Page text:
Cook's Illustrated September 2009. Influencer

Cook’s Illustrated September 2009. Influencer

The reason I LOVE Cook’s Illustrated  and consider them an Influencer?

Things like this:

This technique will yield 3 1/2 cups of a superior-tasting ricotta facsimile (true ricotta is made from whey created as a by product  of cheese-making) that can be used in recipes from lasagna to manicotti to cheesecake and ricotta pie.

And if this isn’t a lasagna/manicotti/ricotta pie time of year, when is?

Homemade Ricotta

1 gallon whole milk

1 tsp salt

2 lemons, juiced,  for 1/3 cup lemon juice plus another tablespoon (1/3 c lemon juice = 5 Tablespoons plus 1 teaspoon. 2 lemons = approximately  6 T)  OR 1/3 cup white vinegar

2 lemons should give you enough juice for this ricotta - wash them first so you can use the zest after. Warm them for 10-20 seconds in the microwave before squeezing and you'll get more juice out.

2 lemons should give you enough juice for this ricotta – wash them first so you can use the zest after for something else. Warm them for 10-20 seconds in the microwave before squeezing and you’ll get more juice out.

thermometer (or trust your impeccably clean fingers )

cheesecloth (flour sack towels work even better, cost less and wash up more easily, if you’ve got them. If you’re going to be making cheeses at home, you’ll want some of these. K-Mart, Vermont Country Store – they’re everywhere)

Flour-sack towels - evidently they're quite the thing with the cloth baby diaper crowd...You can also use them to boil up a Christmas Pudding or two.....or dry a dish.

Flour-sack towels – evidently they’re quite the thing with the cloth baby diaper crowd…You can also use them to boil up a Christmas Pudding or two…..or dry a dish.

 

  1. Juice the lemons and put the juice aside.
  2. Heat the milk and salt to 185° over medium high heat in a heavy bottomed pan. If you’re doing this  Old-School and not using a thermometer, the milk should be at a simmer, not a boil and not still still. Use your impeccably clean finger, dip it in and the milk should be hot  – not warm, hot, but not boiling. Heating helps, boiling hinders.
  3. Remove from heat.
  4. Add the lemon juice, stir it in.
  5. Allow it to stand, undisturbed, for 5 minutes.
  6. Solid white curds should now be visible above  liquid translucent whey.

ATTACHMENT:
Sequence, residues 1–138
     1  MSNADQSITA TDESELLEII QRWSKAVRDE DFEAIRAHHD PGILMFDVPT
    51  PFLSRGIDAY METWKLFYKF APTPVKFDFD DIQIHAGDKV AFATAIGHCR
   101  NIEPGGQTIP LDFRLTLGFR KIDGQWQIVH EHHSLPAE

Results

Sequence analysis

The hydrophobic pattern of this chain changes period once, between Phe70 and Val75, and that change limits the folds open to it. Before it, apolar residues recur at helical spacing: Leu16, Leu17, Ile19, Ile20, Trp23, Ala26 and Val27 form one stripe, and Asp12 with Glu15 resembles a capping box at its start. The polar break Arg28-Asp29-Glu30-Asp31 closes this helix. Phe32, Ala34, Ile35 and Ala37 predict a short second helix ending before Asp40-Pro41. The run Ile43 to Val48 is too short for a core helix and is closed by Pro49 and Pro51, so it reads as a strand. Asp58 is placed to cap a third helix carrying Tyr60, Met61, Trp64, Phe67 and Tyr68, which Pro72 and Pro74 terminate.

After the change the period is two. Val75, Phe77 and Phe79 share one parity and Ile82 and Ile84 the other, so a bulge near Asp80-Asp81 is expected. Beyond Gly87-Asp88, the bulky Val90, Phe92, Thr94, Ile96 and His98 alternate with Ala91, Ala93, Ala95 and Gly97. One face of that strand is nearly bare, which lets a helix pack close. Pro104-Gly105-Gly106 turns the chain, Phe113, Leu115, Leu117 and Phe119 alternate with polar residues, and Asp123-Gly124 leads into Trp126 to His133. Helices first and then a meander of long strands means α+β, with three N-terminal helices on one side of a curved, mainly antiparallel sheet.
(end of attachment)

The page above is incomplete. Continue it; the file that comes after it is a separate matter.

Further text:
Curds and whey - where's Miss Muffet?

    Curds and whey – where’s Miss Muffet?

     

  7.  IF it is not setting up, add another tablespoon of lemon juice, stirring gently and let stand for another 5 minutes.
  8. Once there are curds,gently scoop them up with a slotted spoon and place them in a cheesecloth lined colander (over a pot or a bowl or in the sink; there will be more whey dripping).

    If it's very drippy, hang it over the sink till it slows...but get it into the fridge before to very long long. This is food prep, not science experiment.

    If it’s very drippy, hang it over the sink till it slows…but get it into the fridge before to very long . This is food prep, not science experiment.

  9. DO NOT try to speed things up by dumping the whole pot of curds into the colander – the weight of the whey will destroy the beautiful, delicate curds, you’ll have a mess and be stuck with buying packaged ricotta.
  10. Drain without pressing (which will essentially give you paneer, a soft cheese that can be sliced) or squeezing. Let drain overnight in the fridge over a bowl (do I really have to say that out loud? Since I’m the one not always good with The Obvious….at least for one)

    Ricotta draining baskets - you could invest or you could improvise....

    Ricotta draining baskets – you could invest or you could improvise….

  11.  Keep refrigerated and use within five days.
  12. Makes about 3 1/2 cups of ricotta.

 adapted from Cook’s Illustrated, September/October  2009, p. 31.

 

Go to University of Cincinnati Clermont College ricotta making site for Real Ricotta .

 

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Olive U

Oh, yes I do.

Little olive, I love you.

 

Olea eurpaea Kobler

Olea eurpaea Kobler

Although in my kitchen, they often look more like this:Pastene_pitted_black_olivesThe problem is, once I open a can, I can eat a can full.  In a very short time. Let’s just say, there isn’t a storage issue…often not even a serving issue….

So I buy olives when I planning to sue them IN things, and then I can enjoy them over several days, which in the end, is more enjoyable.